Airway-on-a-chip technology enables COVID-19 drug repurposing
An airway-on-a-chip has been used to show that amodiaquine inhibits SARS-CoV-2 infection, making it a potential COVID-19 therapeutic.
Researchers have used organ-on-a-chip (organ chip) technology to identify the antimalarial drug amodiaquine as a potent inhibitor of infection with SARS-CoV-2, the virus that causes COVID-19, as outlined in their paper published in Nature Biomedical Engineering.
According to the researchers, the organ chip-based drug testing ecosystem streamlines the process of evaluating the safety and efficacy of existing drugs for new medical applications, providing a proof-of-concept for the use of organ chips to rapidly repurpose existing drugs for new medical applications, including future pandemics.
The team from the Wyss Institute at Harvard, US, which developed the organ chip, examined eight existing drugs, including hydroxychloroquine and chloroquine, that have showed antiviral activity against SARS-CoV-2 in conventional cell culture assays. However, the researchers highlight that cells grown in a dish do not behave like the cells in a living human body, meaning that many drugs that appear effective in lab studies do not work in patients – hence the need for the organ chip.
Development of the chip technology
Over three years ago, the Wyss Institute was awarded funding from the Defense Advanced Research Projects Agency (DARPA) and US National Institutes of Health (NIH) to explore whether its human organ chip microfluidic culture technology, which mimics the function of human organs in vitro, could be used to confront potential biothreat challenges including pandemic respiratory viruses.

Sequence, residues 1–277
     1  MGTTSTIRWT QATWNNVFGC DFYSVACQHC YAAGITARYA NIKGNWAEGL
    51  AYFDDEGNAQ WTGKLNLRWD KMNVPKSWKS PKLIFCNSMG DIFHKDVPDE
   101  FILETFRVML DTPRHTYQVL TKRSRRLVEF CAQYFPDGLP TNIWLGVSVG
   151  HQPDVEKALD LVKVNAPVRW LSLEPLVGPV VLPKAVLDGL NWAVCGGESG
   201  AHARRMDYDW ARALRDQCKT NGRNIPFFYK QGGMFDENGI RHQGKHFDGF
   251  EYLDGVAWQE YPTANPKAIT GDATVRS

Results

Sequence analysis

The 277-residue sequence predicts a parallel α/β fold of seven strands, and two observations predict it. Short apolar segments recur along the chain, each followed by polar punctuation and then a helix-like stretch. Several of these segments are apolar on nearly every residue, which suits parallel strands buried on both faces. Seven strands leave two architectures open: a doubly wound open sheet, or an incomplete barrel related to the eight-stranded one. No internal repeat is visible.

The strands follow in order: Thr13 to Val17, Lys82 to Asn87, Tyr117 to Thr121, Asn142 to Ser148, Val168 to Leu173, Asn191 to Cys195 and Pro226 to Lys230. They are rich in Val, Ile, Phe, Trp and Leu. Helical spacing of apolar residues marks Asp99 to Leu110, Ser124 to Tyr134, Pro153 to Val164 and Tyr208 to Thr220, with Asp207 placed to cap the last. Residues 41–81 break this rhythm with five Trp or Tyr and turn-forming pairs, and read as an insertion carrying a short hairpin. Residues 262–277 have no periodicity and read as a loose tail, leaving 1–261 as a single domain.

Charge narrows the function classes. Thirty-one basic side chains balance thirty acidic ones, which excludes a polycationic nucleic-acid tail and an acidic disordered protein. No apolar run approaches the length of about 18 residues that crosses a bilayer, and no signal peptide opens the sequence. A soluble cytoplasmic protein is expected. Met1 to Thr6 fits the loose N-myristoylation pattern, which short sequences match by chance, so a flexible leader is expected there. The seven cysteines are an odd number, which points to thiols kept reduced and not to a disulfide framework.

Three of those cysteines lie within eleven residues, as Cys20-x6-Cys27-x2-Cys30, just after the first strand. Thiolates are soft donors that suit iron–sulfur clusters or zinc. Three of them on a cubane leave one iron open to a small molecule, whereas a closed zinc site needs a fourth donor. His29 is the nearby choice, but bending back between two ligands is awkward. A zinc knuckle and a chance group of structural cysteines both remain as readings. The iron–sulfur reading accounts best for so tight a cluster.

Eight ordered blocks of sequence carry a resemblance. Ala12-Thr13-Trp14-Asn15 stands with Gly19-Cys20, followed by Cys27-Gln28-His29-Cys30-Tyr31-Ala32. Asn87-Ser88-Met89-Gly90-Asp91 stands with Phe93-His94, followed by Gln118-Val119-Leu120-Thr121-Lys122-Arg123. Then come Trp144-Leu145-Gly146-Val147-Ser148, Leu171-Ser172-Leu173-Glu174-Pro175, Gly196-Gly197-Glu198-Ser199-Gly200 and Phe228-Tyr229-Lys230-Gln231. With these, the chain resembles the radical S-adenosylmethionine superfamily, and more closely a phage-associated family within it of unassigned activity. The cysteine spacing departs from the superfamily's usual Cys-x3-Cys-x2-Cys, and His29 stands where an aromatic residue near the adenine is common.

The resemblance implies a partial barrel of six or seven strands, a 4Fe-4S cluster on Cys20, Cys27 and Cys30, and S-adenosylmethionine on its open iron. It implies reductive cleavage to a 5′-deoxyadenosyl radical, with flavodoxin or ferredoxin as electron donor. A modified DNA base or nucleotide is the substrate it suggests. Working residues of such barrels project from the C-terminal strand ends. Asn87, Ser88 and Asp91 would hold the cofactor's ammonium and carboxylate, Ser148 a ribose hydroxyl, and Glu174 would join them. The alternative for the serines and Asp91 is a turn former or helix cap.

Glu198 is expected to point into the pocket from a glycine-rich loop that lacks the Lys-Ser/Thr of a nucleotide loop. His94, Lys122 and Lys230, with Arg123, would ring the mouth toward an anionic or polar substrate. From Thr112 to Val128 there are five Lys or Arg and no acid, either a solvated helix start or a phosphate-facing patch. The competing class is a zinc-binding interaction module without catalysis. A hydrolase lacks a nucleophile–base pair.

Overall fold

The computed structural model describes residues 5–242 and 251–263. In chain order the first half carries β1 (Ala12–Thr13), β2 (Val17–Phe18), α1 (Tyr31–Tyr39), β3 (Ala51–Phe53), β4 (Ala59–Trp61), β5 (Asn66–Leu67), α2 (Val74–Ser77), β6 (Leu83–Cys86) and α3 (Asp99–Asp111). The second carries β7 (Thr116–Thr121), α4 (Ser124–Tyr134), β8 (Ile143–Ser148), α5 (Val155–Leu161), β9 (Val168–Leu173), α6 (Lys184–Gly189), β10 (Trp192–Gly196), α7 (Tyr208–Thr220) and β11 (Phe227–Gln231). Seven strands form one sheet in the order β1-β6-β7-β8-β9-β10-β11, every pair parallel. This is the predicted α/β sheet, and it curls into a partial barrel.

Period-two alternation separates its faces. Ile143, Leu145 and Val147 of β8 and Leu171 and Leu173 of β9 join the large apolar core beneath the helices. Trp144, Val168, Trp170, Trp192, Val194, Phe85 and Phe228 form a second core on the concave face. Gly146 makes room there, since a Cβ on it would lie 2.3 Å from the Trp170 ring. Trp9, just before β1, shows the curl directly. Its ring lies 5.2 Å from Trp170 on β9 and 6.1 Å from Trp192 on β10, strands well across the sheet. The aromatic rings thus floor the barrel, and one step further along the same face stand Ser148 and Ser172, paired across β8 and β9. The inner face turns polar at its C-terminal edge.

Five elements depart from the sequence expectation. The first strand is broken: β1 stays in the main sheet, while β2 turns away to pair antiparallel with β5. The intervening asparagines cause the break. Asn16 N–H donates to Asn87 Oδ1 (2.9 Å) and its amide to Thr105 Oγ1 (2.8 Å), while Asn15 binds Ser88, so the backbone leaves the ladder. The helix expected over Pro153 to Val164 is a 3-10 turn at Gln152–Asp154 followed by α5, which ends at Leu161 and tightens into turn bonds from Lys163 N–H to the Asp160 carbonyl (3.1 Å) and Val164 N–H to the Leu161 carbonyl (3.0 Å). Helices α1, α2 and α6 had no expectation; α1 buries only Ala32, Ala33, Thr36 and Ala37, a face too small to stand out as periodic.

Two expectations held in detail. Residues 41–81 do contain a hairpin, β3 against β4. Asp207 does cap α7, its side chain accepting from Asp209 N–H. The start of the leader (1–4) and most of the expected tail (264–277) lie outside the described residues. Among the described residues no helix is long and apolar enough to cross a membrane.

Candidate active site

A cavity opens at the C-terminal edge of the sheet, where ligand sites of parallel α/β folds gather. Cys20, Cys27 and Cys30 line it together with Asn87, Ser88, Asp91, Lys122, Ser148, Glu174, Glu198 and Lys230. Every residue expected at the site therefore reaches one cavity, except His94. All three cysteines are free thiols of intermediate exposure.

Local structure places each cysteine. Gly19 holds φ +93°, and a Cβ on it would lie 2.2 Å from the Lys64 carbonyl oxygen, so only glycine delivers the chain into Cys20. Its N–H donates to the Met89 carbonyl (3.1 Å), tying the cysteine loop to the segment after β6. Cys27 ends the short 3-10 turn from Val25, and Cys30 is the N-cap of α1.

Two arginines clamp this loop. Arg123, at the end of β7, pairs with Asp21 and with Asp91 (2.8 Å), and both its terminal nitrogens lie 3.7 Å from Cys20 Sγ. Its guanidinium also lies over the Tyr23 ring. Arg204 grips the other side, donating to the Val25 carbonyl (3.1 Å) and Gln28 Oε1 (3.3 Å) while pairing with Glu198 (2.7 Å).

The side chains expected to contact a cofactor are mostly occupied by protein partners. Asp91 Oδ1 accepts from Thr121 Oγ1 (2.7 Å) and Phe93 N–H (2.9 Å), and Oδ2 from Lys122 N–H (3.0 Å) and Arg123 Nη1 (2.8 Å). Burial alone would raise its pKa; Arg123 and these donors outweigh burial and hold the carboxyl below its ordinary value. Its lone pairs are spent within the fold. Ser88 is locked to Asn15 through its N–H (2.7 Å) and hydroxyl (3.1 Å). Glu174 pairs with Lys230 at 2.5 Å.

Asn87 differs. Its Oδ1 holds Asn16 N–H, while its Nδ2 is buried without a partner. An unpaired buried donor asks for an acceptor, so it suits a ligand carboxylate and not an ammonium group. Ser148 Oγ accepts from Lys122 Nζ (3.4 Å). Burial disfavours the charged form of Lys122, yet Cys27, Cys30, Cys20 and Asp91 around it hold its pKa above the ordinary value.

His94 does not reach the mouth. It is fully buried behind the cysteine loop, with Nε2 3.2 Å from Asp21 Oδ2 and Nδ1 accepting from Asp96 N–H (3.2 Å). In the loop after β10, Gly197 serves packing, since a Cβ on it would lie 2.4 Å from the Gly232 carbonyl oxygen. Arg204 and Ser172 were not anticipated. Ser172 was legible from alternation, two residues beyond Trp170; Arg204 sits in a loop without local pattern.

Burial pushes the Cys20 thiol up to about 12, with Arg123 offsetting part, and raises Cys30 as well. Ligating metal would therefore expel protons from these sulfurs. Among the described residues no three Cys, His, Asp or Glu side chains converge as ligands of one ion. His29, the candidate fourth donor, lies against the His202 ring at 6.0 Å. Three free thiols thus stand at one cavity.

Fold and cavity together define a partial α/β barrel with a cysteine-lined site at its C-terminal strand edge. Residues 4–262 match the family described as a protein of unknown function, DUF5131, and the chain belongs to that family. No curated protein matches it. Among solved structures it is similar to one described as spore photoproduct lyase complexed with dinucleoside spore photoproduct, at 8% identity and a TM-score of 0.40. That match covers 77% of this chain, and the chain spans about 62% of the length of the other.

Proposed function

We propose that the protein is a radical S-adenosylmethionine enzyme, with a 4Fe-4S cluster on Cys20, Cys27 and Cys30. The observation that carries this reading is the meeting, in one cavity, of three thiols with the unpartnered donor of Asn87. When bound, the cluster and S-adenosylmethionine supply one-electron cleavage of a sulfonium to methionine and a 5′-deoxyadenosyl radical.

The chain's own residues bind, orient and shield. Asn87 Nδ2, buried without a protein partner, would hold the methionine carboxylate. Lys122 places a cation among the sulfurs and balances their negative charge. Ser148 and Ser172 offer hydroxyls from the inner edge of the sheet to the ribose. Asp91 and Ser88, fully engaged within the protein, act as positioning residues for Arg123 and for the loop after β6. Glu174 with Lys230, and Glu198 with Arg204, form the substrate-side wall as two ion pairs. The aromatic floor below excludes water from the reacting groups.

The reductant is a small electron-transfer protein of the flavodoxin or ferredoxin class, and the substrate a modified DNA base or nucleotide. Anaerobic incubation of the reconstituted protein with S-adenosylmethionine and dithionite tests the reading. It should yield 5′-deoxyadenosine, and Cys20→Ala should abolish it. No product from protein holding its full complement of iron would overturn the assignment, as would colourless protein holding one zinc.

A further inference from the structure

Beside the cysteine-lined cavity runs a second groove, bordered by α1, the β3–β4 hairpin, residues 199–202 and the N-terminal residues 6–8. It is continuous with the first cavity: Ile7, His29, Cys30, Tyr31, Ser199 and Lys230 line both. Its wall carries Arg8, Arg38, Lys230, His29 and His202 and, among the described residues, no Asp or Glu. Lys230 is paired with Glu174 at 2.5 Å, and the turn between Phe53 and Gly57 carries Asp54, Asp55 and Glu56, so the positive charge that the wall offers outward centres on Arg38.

…amodiaquine prevented the transmission of the virus from sick to healthy animals more than 90 percent of the time”
The human airway chip that the team developed is a microfluidic device roughly the size of a USB memory stick that contains two parallel channels separated by a porous membrane. Human lung airway cells are grown in one channel that is perfused with air, while human blood vessel cells are grown in the other channel, which is perfused with liquid culture medium to replicate blood flow. Cells grown in this device naturally differentiate into multiple airway-specific cell types in proportions that are similar to those in the human airway and develop traits observed in living lungs such as cilia and the ability to produce and move mucus.
Two years into the project, the team was advancing its lung airway chip to study drugs that could be repurposed to treat influenza virus infections. Then, in January 2020, the direction for the group shifted when the news of the spread of SARS-CoV-2 became widespread.